Last September a group of politicians and business leaders gathered in Pittsburgh to officially unveil the world's latest heavy-duty, battery powered freight train engine.
Built by the Pennsylvania-based company Wabtec, the electric engine is able to reduce fuel consumption across a train's operations by 11 percent, shaving off tons of greenhouse gas emissions.
It's the latest attempt to pull freight and heavy industry into the world of zero emission transportation and a sign that electric freight trains are coming to railways around the country.
While public transit has been electrified since the late nineteenth century, long-haul freight for industrial equipment and chemicals, grains, and fuels, has relied on a mix of fossil fuels for power -- with coal and diesel (two of the most polluting fuels) used as the defaults.
Now, that's beginning to change. Wabtec is working on building bigger electric engines to reduce even more fuel consumption and is also exploring whether green Hydrogen fuel (a clean burning substitute for natural gas, diesel, or coal) could replace fossil fuels in the trains.
A November research paper from the science journal Nature Energy talked about the benefits of moving to more electrified transportation in industrial rail.
"Nearly all US locomotives are propelled by diesel-electric drives, which emit 35 million tonnes of CO2 and produce air pollution causing about 1,000 premature deaths annually, accounting for approximately US$6.5 billion in annual health damage costs. Improved battery technology plus access to cheap renewable electricity open the possibility of battery-electric rail," the authors wrote. "At near-future battery prices, battery-electric trains can achieve parity with diesel-electric trains if environmental costs are included or if rail companies can access wholesale electricity prices and achieve 40% use of fast-charging infrastructure. Accounting for reduced criteria air pollutants and CO2 emissions, switching to battery-electric propulsion would save the US freight rail sector US$94 billion over 20 years."
Hitting $94 billion in savings over a twenty year period is a pretty good reason to switch to electric trains.
Wabtec has been racking up orders from big mining companies already. Earlier this year BHP Billiton and Rio Tinto both inked deals for Wabtec's new trains.
Meanwhile a group of former SpaceX engineers are working on a new type of locomotion system that could replace traditional freight rail entirely.
Parallel Systems is their new company and it's building autonomous, electric rail cars that can be platooned to replicate a traditional train.
The business is focusing on what's called intermodal transport, which can ship finished goods across the country to different places and isn't carrying bulk or commodity products like timber or coal.
Unlike a traditional rail car, Parallel Systems' places to autonomous vehicles -- sort of similar to the robotic pallets used in many warehouses -- at equal distances and then drops a shipping container on top.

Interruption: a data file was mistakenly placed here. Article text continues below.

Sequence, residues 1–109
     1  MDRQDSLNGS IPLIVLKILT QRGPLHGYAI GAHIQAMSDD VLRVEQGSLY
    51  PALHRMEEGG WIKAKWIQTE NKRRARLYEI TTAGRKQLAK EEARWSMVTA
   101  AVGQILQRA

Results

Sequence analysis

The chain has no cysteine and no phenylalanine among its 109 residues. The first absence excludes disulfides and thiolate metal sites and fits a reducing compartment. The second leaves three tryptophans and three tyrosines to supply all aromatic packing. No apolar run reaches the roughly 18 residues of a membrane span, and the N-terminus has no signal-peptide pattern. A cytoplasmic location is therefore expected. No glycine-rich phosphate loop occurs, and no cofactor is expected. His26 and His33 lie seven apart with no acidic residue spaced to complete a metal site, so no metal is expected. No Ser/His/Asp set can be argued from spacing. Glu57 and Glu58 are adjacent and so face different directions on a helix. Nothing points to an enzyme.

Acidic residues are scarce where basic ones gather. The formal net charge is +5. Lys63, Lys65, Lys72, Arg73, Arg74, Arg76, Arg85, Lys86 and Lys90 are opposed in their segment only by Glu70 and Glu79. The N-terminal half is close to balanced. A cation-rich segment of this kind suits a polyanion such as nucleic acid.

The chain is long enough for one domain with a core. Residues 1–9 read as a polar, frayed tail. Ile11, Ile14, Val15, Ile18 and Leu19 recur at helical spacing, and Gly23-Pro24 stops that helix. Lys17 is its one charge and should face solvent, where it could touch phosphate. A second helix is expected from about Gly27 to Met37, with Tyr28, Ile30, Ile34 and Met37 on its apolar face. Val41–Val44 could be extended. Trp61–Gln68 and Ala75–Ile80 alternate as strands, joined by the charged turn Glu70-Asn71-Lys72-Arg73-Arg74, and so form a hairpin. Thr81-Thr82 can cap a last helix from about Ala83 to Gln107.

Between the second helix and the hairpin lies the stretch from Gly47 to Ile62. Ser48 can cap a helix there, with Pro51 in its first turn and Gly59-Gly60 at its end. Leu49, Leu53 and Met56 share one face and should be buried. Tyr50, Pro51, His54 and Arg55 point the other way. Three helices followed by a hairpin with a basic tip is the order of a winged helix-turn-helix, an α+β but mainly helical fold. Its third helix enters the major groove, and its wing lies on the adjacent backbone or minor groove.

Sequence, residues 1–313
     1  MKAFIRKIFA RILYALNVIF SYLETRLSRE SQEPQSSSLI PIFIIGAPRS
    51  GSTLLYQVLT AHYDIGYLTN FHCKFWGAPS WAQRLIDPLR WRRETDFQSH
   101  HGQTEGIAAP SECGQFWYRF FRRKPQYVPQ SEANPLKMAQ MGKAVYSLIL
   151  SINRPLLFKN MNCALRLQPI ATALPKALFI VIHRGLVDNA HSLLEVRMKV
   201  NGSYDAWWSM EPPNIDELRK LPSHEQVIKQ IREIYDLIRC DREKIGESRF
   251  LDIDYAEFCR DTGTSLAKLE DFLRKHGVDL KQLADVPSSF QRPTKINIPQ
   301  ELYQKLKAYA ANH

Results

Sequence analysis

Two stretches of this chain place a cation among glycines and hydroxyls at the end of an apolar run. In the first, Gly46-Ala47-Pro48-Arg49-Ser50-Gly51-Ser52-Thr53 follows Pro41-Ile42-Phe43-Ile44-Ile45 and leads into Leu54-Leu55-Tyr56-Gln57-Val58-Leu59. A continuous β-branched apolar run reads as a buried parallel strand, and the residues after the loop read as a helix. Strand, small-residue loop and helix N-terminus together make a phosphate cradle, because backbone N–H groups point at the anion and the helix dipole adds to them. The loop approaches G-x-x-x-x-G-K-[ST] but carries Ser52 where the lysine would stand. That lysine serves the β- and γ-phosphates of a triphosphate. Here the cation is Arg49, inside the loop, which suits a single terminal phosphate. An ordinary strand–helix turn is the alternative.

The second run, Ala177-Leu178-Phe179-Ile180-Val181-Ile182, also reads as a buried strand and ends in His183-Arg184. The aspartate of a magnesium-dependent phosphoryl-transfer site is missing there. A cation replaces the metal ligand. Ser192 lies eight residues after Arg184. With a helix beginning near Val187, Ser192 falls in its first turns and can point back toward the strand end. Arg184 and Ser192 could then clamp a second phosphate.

These shipping containers can join up to form platoons of vehicles or separate to multiple destinations.
The goal isn't necessarily to replace long haul freight, but rather do away with the need for long-haul trucking to carry goods and services across the U.S.
“For the unit economics of freight trains to get competitive with trucks, you need really long trains, and you’re amortizing the cost of that locomotive and crew over that one really long train,” Matt Soule told TechCrunch in an interview. “When that becomes a problem is when you’re figuring out where to park that big train, and the answer is, not many places.”
Making Parallel Systems' platoon dreams come true in cities will still take some work, because these intermodal transportation options had typically been handled by trucking.
It could be another step in the automation of more parts of shipping services to make on-demand delivery even more efficient.
Last mile electric delivery robots are reducing traffic (and pollution from idling vehicles) in neighborhoods and providing rail services to central warehousing could be another way to cut down the number of polluting vehicles on roadways.
“The fundamental reason we’re doing this is to accelerate the decarbonization of freight, but the problem that we see is rail’s scale of operations is limited to a market it can serve,” Soule told TechCrunch. “So we’re trying to embrace this energy efficiency, but then break down its operational and economic barriers at the same time. And by the way, we’re making our powertrain electric, which further accelerates the decarbonization benefits because our grid itself is not clean. So when you look at a diesel truck, compared to what we’re building, and looking at the average, real-world CO2 content of the U.S. grid, we’re going to be 90% less CO2 per mile to move a unit of freight with our technology versus a diesel truck today.”